Different, Bold Teaching: Biblical Integration

Who is more powerful: Christ or the devil and the world? The Bible tells us, “The one who is in you is greater than the one who is in the world,” (1 John 4:4). We know this is true, so we must teach and structure our teaching as if this is true. There are several implications of this truth, but I want to highlight two here:

1) We must teach differently.

John continues, saying that worldly people “speak from the viewpoint of the world, and the world listens to them,” but we are different because “we are from God, and whoever knows God listens to us; but whoever is not from God does not listen to us,” (1 John 4:5-6). Christian teaching—academic discipleship—is not teaching the same old stuff in the same old way with some biblical ideas sprinkled into the mix. No, we actually see the whole world from a different viewpoint. Math and science, language and literature, arts and athletics, all subjects must be understood from this new point of view. The word worldview makes this point because our beliefs don’t shape how we view any one area of life, but instead shape how we view the entire world. This doesn’t mean that we stop teaching in an academic fashion. This does not mean that we trade out our content for Bible study. It means that we teach the content well, but we teach it from a different viewpoint: a biblical viewpoint. Here is a video-example regarding math.

Will the world look at us as fools? Probably. But, in Paul’s words from Galatians 1:10, “Am I now trying to win the approval of human beings, or of God? Or am I trying to please people? If I were still trying to please people, I would not be a servant of Christ.”

2) We must teach boldly. 

If we teach differently, we must also teach boldly.  Our mission is not to protect our students from the “powerful” ideas of the world. Instead, we must wisely, age-appropriately introduce those ideas to our students so that they can see them for what they really are: weak. Paul tells us what we do in 1 Corinthians 10:5: “We demolish arguments and every pretension that sets itself up against the knowledge of God, and we take captive every thought to make it obedient to Christ.” Why do we teach boldly? Because the gospel, the Bible, the biblical worldview, the Holy Spirit, and the church are powerful. Those who have those things don’t just dent bad ideas, they demolish them.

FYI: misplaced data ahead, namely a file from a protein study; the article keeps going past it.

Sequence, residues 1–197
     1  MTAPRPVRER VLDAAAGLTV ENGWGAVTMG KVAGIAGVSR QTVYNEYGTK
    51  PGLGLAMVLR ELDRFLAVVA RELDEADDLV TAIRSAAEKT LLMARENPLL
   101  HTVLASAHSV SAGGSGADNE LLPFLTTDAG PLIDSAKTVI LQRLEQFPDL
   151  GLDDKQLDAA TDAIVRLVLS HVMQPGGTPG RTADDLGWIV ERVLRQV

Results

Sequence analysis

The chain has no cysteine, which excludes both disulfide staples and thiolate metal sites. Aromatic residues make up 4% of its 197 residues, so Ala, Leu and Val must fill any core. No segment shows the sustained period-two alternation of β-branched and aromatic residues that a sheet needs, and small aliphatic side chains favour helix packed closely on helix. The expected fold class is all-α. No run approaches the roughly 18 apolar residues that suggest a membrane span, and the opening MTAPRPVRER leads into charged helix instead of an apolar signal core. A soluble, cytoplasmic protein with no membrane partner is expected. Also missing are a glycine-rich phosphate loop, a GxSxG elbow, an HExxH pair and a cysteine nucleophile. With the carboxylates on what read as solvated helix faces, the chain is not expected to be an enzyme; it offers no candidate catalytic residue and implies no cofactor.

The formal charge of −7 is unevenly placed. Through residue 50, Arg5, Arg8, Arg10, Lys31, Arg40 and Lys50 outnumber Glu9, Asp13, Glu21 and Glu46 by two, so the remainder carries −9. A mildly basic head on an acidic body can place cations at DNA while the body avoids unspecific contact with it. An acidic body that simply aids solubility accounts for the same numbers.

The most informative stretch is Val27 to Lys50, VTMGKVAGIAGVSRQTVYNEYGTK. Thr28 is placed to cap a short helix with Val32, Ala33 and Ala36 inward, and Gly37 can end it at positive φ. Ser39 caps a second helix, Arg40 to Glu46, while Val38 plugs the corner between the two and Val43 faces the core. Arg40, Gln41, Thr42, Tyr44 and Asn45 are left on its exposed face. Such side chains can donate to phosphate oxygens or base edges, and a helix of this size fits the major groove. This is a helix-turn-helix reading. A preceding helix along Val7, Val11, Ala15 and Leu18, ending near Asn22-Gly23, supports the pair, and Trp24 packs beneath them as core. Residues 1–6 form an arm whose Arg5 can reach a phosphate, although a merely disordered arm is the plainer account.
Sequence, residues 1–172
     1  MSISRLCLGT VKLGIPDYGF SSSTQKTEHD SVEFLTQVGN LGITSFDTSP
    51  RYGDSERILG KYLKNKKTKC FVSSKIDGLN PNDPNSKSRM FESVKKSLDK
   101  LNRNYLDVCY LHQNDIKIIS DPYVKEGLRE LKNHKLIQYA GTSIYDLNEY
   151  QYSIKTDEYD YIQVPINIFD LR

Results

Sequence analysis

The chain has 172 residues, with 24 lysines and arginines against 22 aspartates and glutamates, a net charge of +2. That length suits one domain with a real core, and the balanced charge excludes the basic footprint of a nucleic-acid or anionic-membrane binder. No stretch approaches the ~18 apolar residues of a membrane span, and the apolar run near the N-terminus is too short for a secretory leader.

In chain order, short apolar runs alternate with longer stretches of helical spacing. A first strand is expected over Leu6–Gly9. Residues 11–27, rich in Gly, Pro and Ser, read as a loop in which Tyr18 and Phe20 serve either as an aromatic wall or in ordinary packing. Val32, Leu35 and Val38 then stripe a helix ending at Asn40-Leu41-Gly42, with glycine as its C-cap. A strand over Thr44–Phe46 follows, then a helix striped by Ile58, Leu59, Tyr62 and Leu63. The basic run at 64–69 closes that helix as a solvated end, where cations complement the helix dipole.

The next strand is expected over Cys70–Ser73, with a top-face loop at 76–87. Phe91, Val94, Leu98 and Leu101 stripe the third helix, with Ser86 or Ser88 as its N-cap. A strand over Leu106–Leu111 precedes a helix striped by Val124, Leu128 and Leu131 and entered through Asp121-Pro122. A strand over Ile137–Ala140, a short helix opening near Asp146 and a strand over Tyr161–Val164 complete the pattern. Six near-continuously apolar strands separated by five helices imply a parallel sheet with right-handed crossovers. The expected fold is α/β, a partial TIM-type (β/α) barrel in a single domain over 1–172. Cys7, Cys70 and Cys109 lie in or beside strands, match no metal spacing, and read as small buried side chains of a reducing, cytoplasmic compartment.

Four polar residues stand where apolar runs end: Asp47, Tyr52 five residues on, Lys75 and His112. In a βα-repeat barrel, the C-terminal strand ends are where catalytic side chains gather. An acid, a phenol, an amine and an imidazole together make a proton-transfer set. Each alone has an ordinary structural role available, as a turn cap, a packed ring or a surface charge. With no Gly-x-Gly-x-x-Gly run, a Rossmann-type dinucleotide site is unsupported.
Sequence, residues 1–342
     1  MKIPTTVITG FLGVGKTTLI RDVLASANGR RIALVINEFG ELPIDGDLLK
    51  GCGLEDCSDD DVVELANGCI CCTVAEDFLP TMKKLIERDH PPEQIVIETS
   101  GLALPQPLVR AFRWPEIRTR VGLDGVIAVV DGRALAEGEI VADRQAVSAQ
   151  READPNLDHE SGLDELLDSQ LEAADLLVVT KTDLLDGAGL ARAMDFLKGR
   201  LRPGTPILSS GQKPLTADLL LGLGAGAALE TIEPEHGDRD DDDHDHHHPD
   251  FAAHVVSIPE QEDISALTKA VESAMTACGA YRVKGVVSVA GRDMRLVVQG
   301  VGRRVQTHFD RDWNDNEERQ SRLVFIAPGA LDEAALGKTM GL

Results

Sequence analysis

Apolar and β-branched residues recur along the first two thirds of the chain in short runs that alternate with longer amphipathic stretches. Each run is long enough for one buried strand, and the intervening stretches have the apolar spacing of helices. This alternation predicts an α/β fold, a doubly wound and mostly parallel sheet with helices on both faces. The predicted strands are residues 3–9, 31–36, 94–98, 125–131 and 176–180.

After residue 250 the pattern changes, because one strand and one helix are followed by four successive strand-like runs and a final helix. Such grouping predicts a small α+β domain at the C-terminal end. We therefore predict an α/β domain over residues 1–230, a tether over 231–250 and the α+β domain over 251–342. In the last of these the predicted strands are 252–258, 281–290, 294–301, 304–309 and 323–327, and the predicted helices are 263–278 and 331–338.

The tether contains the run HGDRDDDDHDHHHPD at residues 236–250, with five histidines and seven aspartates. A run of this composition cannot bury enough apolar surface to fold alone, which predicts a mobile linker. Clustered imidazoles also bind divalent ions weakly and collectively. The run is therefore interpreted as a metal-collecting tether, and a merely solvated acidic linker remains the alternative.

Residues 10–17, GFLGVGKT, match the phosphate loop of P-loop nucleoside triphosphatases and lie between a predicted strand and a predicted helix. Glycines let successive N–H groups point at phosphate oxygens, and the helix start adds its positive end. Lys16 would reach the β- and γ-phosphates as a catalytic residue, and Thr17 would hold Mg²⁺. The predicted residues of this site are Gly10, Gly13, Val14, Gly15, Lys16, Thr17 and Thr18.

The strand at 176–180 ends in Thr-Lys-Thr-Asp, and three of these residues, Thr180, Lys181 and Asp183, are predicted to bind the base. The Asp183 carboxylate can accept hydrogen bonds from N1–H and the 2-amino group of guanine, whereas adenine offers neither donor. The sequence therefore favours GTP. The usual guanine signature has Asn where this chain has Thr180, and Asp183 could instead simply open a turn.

When we are firmly grounded in Scripture, we have no need to fear ungodly ideas because they are, by nature, lacking the power of God. We should not fear them (unless we are giving in to them); those ideas should fear us and our believing students. We aim to teach and unleash our students on the world. And the gospel gives our students the ability to turn the world upside down (Acts 17:6). The gospel is the power of God (Rom 1:16). The power that God has given us is “his incomparably great power” and “is the same as the mighty strength he exerted when he raised Christ from the dead and seated him at his right hand in the heavenly realms,” (Eph 1:19-20). 

So, it is essential for you to be bold in your teaching. Help you students learn to demolish worldly arguments. With Paul, I want to remind you “to fan into flame” the faith that God has gifted you and your students (2 Tim 1:6). Don’t fear, but act out of “power, love and self-discipline,” (2 Tim 1:7). God has given us the ability to be bold, so let’s do it. 

Biblical Integration and the Power of Truth

“What is truth?” This is a big question. Philosophers, psychologists, lawyers, and first-century Roman officials (John 18:38) ask it. The dictionary says that truth is that which is “in accordance with fact or reality.” Truth is the way things really are. Truth is what really happened. Truth is real — fact. Untruth is unreal — fiction.